Monday, October 31, 2016

Mental Health Check-up: Step 2


When was the last time you considered getting a mental health check-up?  Especially in countries where we have access to good health care, many people get regular physicals along with assessments when something is not working right so why don't we get regular mental health check-ups?

Our mental health is as important, if not more important than our physical health (I will leave that one for a debate at a later time), yet when have you ever had a mental health check-up?  For most of us this would be never.  As a society we have only discovered the importance of good mental health over the past few decades.  Now we are seeing mental health issues rising to epidemic levels.  Something needs to be done to stem the growth of this issue and it begins with regular mental health check-ups.

This can be done through visiting a mental health professional who can help you to assess your issues, or you can try to do a self assessment.  Similar to our physical health, with some knowledge we can do an assessment on ourselves to begin the process.  We may not be able to diagnose ourselves but we can at the very least centralize where the symptoms are coming from.  We can do the same thing with our mental health but the process will have us searching within ourselves rather than in the physical realm.

We have established that we need to want to change first in the previous step, and now we need to identify what the problem is.  Use your behaviors and how you are feeling to begin the assessment.  Do you feel sad, angry, anxious, frustrated, or other emotions that are happening outside of your control?  Only you can tell how you are feeling and discovering what those feelings are is the beginning to better understanding your inner self.

Ask others that you trust how they see your behaviors.  It is often difficult to get some honest insight from those who care about you, but if you can handle possible constructive criticisms, this can be very helpful in identifying things about yourself that you may or may not be able to see.  Those close to us can share insight into whether they perceive us as being down or depressed, frustrated or angry, or maybe simply conflicted and lost.  Each piece of information will bring us closer to understanding where our issues may lie.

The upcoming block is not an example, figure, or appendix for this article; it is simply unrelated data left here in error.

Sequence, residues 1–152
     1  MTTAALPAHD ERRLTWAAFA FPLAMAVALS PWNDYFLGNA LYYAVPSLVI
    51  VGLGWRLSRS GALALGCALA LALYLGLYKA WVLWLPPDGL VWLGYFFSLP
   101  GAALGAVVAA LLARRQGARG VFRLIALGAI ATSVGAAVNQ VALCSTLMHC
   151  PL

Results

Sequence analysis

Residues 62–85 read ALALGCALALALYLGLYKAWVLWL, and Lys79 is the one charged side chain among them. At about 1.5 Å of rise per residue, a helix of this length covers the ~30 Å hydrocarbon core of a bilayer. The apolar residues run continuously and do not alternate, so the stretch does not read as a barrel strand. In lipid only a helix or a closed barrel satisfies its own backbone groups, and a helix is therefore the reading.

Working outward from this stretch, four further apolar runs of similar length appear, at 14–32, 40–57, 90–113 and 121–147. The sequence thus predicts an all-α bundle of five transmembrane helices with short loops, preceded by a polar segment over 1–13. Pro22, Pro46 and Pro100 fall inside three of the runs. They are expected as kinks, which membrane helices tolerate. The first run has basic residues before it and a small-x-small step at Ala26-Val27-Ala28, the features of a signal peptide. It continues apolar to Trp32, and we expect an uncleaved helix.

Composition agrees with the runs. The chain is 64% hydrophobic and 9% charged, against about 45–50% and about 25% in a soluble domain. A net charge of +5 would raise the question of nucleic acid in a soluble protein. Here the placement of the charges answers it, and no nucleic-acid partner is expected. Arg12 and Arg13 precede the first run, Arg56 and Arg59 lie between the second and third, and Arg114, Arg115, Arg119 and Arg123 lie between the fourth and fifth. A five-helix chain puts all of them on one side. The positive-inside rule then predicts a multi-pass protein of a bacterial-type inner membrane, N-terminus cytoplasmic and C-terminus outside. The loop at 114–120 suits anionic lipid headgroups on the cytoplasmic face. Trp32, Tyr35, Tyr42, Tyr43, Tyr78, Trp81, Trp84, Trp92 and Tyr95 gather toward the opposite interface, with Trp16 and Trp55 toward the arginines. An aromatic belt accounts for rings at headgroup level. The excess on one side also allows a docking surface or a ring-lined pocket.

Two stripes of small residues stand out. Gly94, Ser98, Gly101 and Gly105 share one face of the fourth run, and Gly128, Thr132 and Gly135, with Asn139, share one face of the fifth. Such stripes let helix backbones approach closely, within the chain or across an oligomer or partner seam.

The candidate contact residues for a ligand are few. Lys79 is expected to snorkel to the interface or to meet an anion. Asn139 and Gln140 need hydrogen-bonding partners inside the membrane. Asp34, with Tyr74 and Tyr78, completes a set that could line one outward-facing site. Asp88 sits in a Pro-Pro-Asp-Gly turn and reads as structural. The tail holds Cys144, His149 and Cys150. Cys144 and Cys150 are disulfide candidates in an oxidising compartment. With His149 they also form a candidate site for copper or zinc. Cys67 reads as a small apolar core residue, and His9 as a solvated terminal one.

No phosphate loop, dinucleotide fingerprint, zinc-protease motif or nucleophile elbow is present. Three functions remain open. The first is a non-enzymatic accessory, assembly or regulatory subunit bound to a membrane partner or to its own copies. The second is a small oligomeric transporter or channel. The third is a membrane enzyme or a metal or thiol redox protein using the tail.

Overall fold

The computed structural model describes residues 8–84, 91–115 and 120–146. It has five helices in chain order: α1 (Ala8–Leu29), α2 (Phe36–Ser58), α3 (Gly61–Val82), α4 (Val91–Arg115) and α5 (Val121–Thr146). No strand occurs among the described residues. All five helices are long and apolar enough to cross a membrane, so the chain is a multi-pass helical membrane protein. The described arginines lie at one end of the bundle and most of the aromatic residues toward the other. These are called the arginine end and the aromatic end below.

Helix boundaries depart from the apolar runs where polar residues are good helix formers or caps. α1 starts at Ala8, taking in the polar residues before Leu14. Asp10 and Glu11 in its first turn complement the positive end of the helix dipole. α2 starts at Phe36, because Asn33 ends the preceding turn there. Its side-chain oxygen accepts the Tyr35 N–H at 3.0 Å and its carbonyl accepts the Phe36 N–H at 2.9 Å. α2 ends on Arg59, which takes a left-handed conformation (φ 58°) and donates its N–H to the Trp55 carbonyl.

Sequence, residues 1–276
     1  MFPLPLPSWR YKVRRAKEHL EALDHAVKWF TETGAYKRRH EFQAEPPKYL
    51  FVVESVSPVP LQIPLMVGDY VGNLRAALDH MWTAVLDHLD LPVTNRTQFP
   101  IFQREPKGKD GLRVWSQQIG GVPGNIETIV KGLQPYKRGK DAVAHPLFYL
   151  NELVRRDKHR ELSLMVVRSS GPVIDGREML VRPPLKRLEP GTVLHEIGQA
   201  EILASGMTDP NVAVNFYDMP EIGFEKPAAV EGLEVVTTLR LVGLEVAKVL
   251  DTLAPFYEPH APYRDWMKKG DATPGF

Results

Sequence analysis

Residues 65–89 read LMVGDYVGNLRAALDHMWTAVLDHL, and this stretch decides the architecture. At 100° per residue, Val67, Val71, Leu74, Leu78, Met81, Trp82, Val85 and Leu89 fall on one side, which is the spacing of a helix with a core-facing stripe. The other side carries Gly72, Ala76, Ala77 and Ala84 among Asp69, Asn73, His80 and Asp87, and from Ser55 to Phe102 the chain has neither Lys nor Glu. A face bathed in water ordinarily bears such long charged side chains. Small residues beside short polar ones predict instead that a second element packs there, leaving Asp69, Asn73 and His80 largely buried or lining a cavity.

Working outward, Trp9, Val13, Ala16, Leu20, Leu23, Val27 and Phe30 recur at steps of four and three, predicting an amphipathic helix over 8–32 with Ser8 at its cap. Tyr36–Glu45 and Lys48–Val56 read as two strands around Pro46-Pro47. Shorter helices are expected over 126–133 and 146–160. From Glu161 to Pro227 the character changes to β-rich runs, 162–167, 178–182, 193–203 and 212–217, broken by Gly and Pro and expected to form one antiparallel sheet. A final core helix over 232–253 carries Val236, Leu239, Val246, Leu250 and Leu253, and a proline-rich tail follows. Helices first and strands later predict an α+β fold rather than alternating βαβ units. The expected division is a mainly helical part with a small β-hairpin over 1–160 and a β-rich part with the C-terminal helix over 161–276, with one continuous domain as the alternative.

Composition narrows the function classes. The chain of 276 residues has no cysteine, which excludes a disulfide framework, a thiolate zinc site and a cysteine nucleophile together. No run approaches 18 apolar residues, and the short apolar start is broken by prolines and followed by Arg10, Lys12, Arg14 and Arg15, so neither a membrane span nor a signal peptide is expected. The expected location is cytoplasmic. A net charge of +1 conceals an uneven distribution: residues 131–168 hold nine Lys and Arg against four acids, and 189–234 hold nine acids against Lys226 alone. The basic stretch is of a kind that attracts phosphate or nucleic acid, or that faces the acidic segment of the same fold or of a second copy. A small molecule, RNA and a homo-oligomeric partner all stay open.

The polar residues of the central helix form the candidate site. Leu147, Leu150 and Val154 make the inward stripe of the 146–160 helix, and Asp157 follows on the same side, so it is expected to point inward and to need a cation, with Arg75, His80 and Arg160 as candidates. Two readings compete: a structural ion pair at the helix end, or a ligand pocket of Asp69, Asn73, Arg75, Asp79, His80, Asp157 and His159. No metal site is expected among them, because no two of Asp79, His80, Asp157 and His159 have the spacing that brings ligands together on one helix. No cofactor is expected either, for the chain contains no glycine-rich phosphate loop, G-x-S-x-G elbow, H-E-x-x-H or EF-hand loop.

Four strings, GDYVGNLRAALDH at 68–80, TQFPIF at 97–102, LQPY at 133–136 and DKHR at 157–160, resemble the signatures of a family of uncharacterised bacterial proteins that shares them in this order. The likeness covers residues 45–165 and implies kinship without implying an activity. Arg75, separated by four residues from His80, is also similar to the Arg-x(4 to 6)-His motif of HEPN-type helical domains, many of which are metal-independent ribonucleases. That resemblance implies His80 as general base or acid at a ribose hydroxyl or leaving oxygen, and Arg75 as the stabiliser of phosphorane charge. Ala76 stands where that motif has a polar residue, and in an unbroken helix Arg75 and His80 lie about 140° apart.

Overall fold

I have been struggling physically more than usual for the past couple of weeks now.  I did my own mental health check-up this morning and discovered that I am feeling a little frustrated and a little down.  Once I discovered this, I dug a little deeper to understand why.  I am frustrated because I like to be an active person and this illness has kept me from that for longer than normal this time.  I decided to push my self a little past my comfort level today so that I can feel like I have accomplished more and expect that this frustration will pass as the day goes on.

I reflected on why I am feeling down and much of it comes from the same place as my frustration.  I am also struggling to write as much as I would like since the illness has caused quite a bit of 'fog' in my brain, and the words do not come out as easily as normal for me.  I am pushing myself a little in this respect as well because I 'want' my condition to improve. We often have to push ourselves out of our comfort zone if we want to see improvement in our mental health.  Exercise helps to strengthen us both physically and mentally.

I will continue with step 2 as my clarity increases over the days to come.  If my plan to push myself works, I will be pushing forward sooner than later.  For now I will suggest that you do a self assessment and start working on the easiest parts first.  Care about yourself and do regular mental check-ups and you will begin to see yourself more clearly.  Become an expert on you!

Be well

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